"Soul Diva Meets the Blues Monsters," recorded in 1994, marked the recording debut of Portland, Oregon vocalist Linda Hornbuckle. Which is remarkable given that this incredible singer was already in her thirties at that time. When legendary drummer Bernard Purdie (Aretha Franklin, Steely Dan, Miles Davis, etc.) walked into a Portland nightclub that same year and heard Linda for the first time, he was stunned. "The way her fingers move on the microphone and her eyes go back in her head--she goes somewhere else. I hadn't seen anything like it since my days working with Aretha." Not that Linda sounds like Aretha Franklin; Linda's style is very much her own. But she has a similar impact on listeners.
In part, this may be due to the two singers' shared roots: both were the featured soloists in their minister fathers' churches from early childhood. In Linda's case, she began singing in her father's Grace & Truth Pentecostal Church in Portland at age 6. But by her late teens, she was sneaking out of the house to sing in nightclubs. And by her 20s, Linda was Portland's most sought-after back-up singer, recording and touring the U.S., Canada, and Europe with national acts including Quarterflash and Nu Shooz. She later fronted a popular Motown revue, "Body & Soul," and in '92 became lead vocalist with the No Delay Band, with whom she recorded "Soul Diva Meets the Blues Monsters."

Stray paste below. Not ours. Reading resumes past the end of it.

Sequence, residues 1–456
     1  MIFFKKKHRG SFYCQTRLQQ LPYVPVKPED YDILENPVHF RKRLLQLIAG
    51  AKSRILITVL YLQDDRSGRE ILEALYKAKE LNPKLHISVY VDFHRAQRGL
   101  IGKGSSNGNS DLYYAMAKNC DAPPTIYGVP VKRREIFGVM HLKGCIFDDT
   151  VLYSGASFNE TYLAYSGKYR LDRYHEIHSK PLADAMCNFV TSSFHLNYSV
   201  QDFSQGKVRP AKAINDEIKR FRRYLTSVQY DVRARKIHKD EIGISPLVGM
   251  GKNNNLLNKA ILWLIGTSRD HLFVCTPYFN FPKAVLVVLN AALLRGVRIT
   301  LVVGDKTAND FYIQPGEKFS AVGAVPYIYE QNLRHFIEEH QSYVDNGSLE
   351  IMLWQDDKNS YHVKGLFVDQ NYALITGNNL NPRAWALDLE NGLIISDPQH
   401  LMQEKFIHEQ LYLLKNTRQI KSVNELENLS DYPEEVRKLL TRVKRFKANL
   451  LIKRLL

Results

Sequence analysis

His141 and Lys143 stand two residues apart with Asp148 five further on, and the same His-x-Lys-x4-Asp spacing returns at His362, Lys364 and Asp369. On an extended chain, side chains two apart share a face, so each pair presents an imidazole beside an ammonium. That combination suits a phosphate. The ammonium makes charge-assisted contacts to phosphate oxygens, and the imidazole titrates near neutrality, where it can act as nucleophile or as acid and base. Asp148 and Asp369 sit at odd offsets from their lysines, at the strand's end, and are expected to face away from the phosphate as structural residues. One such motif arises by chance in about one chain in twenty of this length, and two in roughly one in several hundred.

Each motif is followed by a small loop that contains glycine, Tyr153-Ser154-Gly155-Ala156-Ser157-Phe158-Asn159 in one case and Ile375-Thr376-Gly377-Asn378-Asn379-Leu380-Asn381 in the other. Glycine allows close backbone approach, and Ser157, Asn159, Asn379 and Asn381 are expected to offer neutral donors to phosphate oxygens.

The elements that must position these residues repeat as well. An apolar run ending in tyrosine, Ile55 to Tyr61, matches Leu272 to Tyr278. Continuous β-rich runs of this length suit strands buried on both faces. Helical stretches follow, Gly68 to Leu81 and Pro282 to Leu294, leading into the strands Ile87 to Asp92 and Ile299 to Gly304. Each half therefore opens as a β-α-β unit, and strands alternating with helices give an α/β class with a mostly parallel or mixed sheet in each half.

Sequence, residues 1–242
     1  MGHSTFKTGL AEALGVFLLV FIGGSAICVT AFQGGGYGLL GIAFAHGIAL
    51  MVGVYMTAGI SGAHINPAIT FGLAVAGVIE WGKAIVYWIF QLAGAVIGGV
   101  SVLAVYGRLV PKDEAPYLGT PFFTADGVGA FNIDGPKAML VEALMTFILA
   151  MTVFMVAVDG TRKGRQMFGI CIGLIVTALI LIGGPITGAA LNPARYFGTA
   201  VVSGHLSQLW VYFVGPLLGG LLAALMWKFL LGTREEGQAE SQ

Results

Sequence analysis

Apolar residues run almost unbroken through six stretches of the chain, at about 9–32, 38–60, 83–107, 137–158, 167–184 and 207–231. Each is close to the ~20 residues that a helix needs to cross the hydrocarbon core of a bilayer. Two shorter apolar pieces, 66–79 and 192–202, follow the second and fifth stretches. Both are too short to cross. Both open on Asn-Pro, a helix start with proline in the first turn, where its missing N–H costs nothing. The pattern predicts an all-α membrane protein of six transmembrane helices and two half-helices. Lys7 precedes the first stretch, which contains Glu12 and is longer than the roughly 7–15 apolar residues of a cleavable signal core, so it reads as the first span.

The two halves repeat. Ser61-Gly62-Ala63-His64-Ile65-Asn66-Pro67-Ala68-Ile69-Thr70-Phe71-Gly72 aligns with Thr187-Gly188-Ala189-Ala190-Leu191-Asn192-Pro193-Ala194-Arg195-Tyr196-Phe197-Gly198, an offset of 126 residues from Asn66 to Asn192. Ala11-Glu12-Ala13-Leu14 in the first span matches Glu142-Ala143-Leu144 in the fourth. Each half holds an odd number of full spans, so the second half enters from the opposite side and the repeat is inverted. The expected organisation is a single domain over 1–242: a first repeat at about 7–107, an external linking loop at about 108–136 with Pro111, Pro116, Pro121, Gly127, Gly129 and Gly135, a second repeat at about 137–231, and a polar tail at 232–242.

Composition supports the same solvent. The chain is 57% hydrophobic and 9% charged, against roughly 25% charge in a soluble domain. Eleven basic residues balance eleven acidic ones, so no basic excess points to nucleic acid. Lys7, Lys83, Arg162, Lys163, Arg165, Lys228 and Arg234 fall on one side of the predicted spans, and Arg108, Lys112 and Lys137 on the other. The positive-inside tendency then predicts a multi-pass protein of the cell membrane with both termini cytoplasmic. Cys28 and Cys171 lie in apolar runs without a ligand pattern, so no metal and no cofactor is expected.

Reviewers of this CD had the same reaction as Bernard Purdie did upon hearing Linda for the first time. Blues Revue called her, "A phenomenal vocalist who could hold her own against Aretha Franklin or Natalie Cole." And Living Blues wrote, "Hornbuckle is a big-voiced singer who cuts loose in the finest gospel tradition and brings a dynamic sense of drama to her material...Hornbuckle is not well-known outside the Portland area, but she should be."
Since the release of this CD, some wider recognition has indeed come Linda's way. Listeners to "Soul Diva Meets the Blues Monsters" will agree that it's well-deserved.